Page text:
EVEN AS HOLIDAY COOKING gives you a chance to enjoy evocative seasonal dishes once again, it’s an opportunity for inexpensive travel. Explore the cuisine of a different part of the country or of a different country altogether, and you’ve learned something special about that culture.
So take advantage of this book’s tour of noted chefs and their signature recipes. And learn about each chef’s background and attitude as you do so. You’re not simply cooking Green Olive Tapenade with Alice Waters of Chez Panisse; you’re also learning how she revolutionized menus across the country with her emphasis on absolutely fresh ingredients. Each profile is accompanied by three to six recipes geared toward home preparation without compromising on the intricacies of particular dishes.
It’s unusual for author Child to take such a back seat, but you’ll hear her voice come through in interviews with Jeremiah Tower (Stars), Lidia Bastianich (Felidia), Andre Soltner (Lutèce – see below), Jacques Pepin (chef at large) and others. Recipes are clearly laid out with frequent sidebars of helpful information.
The photographs alone are gorgeous, showing not only food and food preparation but also scenes of the estate and the countryside. Regaleali is as much as style of living as a place on the map, and this book serves both well.
A mixture of photographs and art reproductions characterizes The Heritage of Chinese Cooking, fourth in a series of oversized, beautifully packaged volumes from Random House that looks at the history of a culture’s gastronomy course by course – with plenty of recipes. Understanding how a particular style of cooking evolved is extremely helpful when faced with preparing an unfamiliar dish, and many of these aren’t even familiar from Asian restaurants.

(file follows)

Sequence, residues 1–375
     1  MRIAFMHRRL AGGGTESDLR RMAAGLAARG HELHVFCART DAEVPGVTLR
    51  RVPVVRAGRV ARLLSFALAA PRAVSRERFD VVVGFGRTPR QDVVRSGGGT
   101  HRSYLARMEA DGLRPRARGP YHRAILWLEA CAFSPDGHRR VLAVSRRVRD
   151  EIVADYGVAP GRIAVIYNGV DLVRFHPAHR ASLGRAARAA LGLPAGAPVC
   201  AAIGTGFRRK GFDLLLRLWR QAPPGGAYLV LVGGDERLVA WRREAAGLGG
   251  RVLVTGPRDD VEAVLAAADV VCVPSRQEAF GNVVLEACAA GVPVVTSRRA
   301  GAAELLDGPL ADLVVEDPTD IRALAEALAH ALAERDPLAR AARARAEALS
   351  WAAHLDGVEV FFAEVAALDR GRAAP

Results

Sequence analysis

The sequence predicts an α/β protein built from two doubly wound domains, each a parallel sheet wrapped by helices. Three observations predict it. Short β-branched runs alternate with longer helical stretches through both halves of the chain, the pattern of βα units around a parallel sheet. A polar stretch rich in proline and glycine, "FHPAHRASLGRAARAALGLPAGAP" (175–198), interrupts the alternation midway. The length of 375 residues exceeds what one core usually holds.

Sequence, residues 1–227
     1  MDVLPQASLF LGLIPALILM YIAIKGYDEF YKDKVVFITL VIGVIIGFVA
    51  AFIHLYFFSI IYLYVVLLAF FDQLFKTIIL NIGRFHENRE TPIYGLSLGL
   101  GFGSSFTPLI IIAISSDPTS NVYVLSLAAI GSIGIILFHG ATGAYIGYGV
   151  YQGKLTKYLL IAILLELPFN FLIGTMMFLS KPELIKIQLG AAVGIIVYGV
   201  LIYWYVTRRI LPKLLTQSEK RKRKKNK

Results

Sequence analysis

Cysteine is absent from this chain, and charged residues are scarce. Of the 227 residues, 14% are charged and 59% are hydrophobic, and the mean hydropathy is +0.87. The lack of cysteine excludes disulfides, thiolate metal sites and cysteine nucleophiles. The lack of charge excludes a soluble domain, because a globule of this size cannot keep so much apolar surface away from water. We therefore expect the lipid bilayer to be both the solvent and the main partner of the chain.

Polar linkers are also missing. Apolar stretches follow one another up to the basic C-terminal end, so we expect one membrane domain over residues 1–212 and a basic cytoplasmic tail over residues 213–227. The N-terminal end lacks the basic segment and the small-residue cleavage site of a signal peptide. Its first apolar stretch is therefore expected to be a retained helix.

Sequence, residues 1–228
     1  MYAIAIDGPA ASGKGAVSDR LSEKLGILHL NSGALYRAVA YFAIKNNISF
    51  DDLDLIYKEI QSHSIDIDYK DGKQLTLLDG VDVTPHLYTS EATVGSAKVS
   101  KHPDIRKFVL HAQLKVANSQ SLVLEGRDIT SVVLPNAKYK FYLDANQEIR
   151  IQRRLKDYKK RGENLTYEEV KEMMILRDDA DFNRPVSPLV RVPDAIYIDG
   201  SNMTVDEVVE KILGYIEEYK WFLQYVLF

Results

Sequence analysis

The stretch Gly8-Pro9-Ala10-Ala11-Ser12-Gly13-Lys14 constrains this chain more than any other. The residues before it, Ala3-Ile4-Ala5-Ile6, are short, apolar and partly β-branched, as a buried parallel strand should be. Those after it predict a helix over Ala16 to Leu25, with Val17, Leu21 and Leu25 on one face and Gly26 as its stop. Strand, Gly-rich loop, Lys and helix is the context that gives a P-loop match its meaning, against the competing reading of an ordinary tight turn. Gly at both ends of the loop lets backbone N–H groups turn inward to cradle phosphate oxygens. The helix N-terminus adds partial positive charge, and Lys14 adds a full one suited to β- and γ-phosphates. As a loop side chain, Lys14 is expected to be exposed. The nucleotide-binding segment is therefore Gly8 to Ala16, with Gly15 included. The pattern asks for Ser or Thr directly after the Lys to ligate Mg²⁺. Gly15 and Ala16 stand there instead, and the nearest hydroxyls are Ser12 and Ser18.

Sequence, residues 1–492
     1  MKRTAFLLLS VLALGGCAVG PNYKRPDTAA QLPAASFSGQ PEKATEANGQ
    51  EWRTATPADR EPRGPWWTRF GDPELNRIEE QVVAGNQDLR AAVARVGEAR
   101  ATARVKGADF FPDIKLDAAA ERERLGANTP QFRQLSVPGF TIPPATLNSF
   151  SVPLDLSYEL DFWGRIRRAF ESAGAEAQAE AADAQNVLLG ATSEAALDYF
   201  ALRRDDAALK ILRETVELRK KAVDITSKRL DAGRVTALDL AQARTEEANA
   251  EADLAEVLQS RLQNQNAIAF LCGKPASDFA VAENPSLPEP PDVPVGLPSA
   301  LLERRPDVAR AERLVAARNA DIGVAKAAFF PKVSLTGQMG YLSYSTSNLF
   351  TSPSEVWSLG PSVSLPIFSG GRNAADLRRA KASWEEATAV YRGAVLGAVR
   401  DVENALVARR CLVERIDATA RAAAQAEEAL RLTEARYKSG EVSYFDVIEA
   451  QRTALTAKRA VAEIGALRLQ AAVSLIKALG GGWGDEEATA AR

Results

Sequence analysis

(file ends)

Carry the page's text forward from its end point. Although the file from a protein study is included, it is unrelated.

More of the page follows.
Most of the great chefs research that way: they gaze at cookbooks and mentally develop ideas the recipes provide. But a great chef then puts a signature on a dish. This is what makes Andre Soltner, of Lutèce, so outstanding, and has kept his restaurant so highly rated for over 30 years. Irene Daria’s study of Soltner and his restaurant is subtitled “A Day in the Life of America’s Greatest Restaurant,” and explores a lot of history, interaction, preparation, and just plain chaos over the course of a single day.
Restaurant people will instantly identify with all the behind-the-scenes color, but anyone who’s ever been curious about what goes on behind the swinging door will find a good account here – one that demystifies as well as celebrates. The hard numbers are given, the little mistakes are portrayed, but all in all it’s as good a show as you’ll find on nearby Broadway. Better, probably.
Cooking with Master Chefs by Julia Child
Alfred A. Knopf, $17.95
The Heart of Sicily by Anna Tasca Lanza
Clarkson Potter, $40
The Heritage of Chinese Cooking by Elizabeth Chong
Random House, $45
Lutèce by Irene Daria
Random House, $23
– Metroland Magazine, 9 December 1993